|Year : 2014 | Volume
| Issue : 2 | Page : 99-104
Pre-emptive use of Gabapentin for post-operative pain relief in upper abdominal surgeries
Chetna A. Jadeja, Rashida Jadaliwala, Manoj Kathiria
Department of Anaesthesiology, Pandit Deendayal Upadhyay Medical College Medical College, Rajkot, Gujarat, India
|Date of Web Publication||20-May-2014|
Chetna A. Jadeja
31, University Karmachari Society, Behind FSL, University Road, Rajkot - 360 005, Gujarat
Source of Support: None, Conflict of Interest: None
Background: Pain of upper abdominal surgeries not only distresses the patient but also results in inadequate respiratory efforts and cough reflex. So pain relief in these surgeries bears more significance than mere patient comfort. Gabapentine has been found effective for post-operative pain relief in many surgeries including spine surgeries, radical mastectomies etc. We carried out this study to find out the effectiveness of gabapentine for post-operative pain relief in upper abdominal surgeries. Materials and Methods: The present study was randomized, double-blind and prospective, designed to evaluate synergistic effect of gabapentine and total requirement of tramadol in various upper abdominal surgeries. The study was carried out in 50 patients of American Society of Anesthesiologists (ASA) grade I and II of either sex, aged between 20 to 60 years, divided into two groups of 25 patients each. Group P (placebo group) received oral placebo capsule (3 placebo capsule) and Group G (study group) received oral gabapentine capsule (1200 mg) (3 capsules of 400 mg each) pre-operatively 2 hrs before surgery. Patients were observed 24 hrs postoperatively for pain via visual analog scale (VAS), tramadol requirement (consumption) and side effects. Results: It was observed that patients in gabapentine group had statistically significant lower pain score at all time interval in comparison to placebo group. It was demonstrated that pre-emptive oral gabapentine significantly reduced tramadol consumption until 24 hrs post-operatively. Mild sedation was observed in gabapentine group but was comparable with Group P. Conclusion: Gabapentine significantly reduces post-operative pain and post-operative tramadol consumption in upper abdominal surgeries. Mild sedation was observed with gabapentine group but was comparable with placebo.
Keywords: Gabapentine, post-operative pain, pre-emptive analgesia, upper abdominal surgeries
|How to cite this article:|
Jadeja CA, Jadaliwala R, Kathiria M. Pre-emptive use of Gabapentin for post-operative pain relief in upper abdominal surgeries. Indian J Pain 2014;28:99-104
|How to cite this URL:|
Jadeja CA, Jadaliwala R, Kathiria M. Pre-emptive use of Gabapentin for post-operative pain relief in upper abdominal surgeries. Indian J Pain [serial online] 2014 [cited 2019 Nov 19];28:99-104. Available from: http://www.indianjpain.org/text.asp?2014/28/2/99/132848
| Introduction|| |
The upper abdominal incisions caused substantial respiratory disturbance including hypoxia, hyper-ventilation and pulmonary shut down due to pain. So adequate analgesia in upper abdominal surgeries carries more significance than mere patient comfort.  The concept of pre-emptive analgesia was introduced to protect the central nervous system from deleterious effect of noxious stimuli and patient from resulting allodynia and increased pain. 
Gabapentine, was introduced in 1994 as an anti-epileptic drug, particularly for partial seizure.  It alleviates pain and/or prevent acute nociceptive and inflammatory pain both in animals and volunteers especially when given before trauma. , Studies have shown synergistic effect of gabapentine with regard to analgesic action of morphine in animal experiment and in humans.  We have conducted this study with primary aim of comparing effect of gabapentine on post-operative analgesia with placebo. Our secondary aim was to observe total post-operative tramadol consumption and side effects of gabapentine.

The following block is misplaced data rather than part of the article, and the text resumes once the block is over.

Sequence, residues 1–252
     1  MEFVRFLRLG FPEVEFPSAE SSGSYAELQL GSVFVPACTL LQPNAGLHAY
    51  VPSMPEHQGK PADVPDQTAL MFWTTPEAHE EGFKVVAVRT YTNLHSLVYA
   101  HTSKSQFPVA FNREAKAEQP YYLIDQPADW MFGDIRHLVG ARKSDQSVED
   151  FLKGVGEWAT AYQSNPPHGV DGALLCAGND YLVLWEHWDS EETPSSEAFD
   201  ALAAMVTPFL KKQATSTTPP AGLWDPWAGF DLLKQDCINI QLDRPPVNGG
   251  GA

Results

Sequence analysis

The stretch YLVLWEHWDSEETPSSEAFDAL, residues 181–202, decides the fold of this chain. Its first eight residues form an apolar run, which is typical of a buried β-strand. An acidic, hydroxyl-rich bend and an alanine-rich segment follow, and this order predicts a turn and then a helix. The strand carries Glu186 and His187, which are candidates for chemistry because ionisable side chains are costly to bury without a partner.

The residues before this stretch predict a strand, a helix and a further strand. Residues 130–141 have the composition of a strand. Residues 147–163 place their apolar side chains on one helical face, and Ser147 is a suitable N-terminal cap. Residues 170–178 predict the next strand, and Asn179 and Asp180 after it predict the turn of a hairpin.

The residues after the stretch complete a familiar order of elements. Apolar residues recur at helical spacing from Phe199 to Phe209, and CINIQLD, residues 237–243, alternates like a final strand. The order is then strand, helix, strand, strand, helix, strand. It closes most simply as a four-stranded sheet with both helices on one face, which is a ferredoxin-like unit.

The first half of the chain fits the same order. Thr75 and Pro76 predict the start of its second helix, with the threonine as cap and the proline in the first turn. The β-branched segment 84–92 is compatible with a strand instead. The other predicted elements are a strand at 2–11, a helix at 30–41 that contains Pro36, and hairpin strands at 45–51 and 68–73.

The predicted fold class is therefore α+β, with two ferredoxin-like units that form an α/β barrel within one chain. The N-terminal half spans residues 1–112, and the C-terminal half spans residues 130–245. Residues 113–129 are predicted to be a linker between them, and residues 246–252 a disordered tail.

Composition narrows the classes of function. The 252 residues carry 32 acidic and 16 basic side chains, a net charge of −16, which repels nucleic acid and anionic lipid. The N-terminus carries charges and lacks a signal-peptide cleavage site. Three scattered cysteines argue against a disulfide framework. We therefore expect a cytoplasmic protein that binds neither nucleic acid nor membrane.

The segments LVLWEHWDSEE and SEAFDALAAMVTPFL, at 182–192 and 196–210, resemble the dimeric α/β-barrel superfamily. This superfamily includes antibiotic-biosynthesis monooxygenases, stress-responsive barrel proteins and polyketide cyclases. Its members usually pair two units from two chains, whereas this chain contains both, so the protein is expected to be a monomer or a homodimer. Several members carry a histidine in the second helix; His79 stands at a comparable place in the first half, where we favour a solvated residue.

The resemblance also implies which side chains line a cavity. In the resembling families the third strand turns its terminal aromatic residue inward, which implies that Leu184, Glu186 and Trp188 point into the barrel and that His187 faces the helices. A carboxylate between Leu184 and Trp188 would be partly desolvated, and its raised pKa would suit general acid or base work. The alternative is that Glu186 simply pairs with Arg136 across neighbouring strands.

| Materials and Methods|| |
This randomized, double-blind, prospective study was conducted after institutional ethical committee approval and informed written consent from all patients. Fifty ASA physical status I-II patients between 20 to 60 years of age, scheduled for elective upper abdominal surgery under general anesthesia were taken for study. We included upper abdominal surgeries like open cholecyctectomy, nephrolithotomy, pyelolithotomy, liver hydatid cyst excision, pseudopancreatic cyst excision, choledochoduodenostomy, nephrectomy and upper ureterolithotomy for our study.
Patients with known allergy to gabapentine, history of drug or alcohol abuse, chronic pain or daily intake of analgesic or corticosteroids, diabetes or impaired kidney function and pregnant women were excluded from study. In all patients, hospital stay was minimum of 24 hrs. All the patients were made familiar with a standard 10 cm visual analog scale (VAS) on pre-operative visit to assess their post-operative pain severity. The study drugs were prepared by pharmacy into identical capsules. They were packed in sequentially numbered packages, which were given to recruited patient in random order by a trained nurse, who was not involved in any other part of study. Group P (placebo group) received oral placebo capsule (3 placebo capsule) and Group G (study group) received oral gabapentine capsule (1200 mg) (3 capsules of 400 mg each) pre-operatively 2 hrs before surgery. All the patients were pre-medicated with injection (inj.) diclofenac sodium 75 mg (I. V.), injection glycopyrrolate 0.2 mg (I. V.), injection ranitidine 50 mg (I. V.) and injection ondansatron 4 mg (I. V.) 10 minutes before induction. Patients were monitored with non-invasive blood pressure (NIBP), electrocardiograph (ECG) and pulse oximetry. Pre-oxygenation was done with 100% oxygen (O 2 ) for 3 minutes. Induction was done with injection thiopentone sodium 5-7 mg/kg till loss of eyelash reflex. Endotracheal intubation was facilitated with injection succinylcholine 1.5 mg/kg (I. V.). Appropriate size cuffed endotracheal tube was inserted and anesthesia was maintained with sevoflurane, 50% N 2 O and 50% O 2 . Neuromuscular blockade was maintained with vecuronium bromide. Concentration of sevoflurone was adjusted to maintain adequate depth of anesthesia. At the end of surgery (closure), incisional infiltration with 0.25% bupivacaine 10 ml-15 ml was done in each patient. At the end of surgery, residual neuromuscular block was reversed with injection glycopyrrolate 0.08 mg/kg and neostigmine 0.05 mg/kg I. V. After tracheal extubation, patients were transferred to post-anesthesia care unit. Assessment of VAS pain score were made at 1, 2, 4, 6, 12, 18 and 24 hrs in post-operative periods. Inj. tramadol 50 mg intravenous bolus dose was given if VAS was 3 or more. Repeat inj. tramadol 25 mg I. V. bolus given if no pain relief after 10 minutes. Total tramadol dose used was recorded and total requirement (24 hrs.) was calculated. Injection diclofenac sodium was given intravenous 8 hourly, during first post-operative day. Postoperatively, for 24 hrs patients were observed for sedation, nausea, vomiting, diarrhea, constipation and urinary retention. Assessment of sedation score was made as per Ramsay sedation scale: 1. Anxious, restless or both, 2. Cooperative, oriented and tranquill, 3. Responding to commands, 4. Brisk response to stimulus, 5. Sluggish response to stimulus, 6. No response to stimulus. Injection ondansatron 4 mg intravenous was given if patient had complaints of vomiting.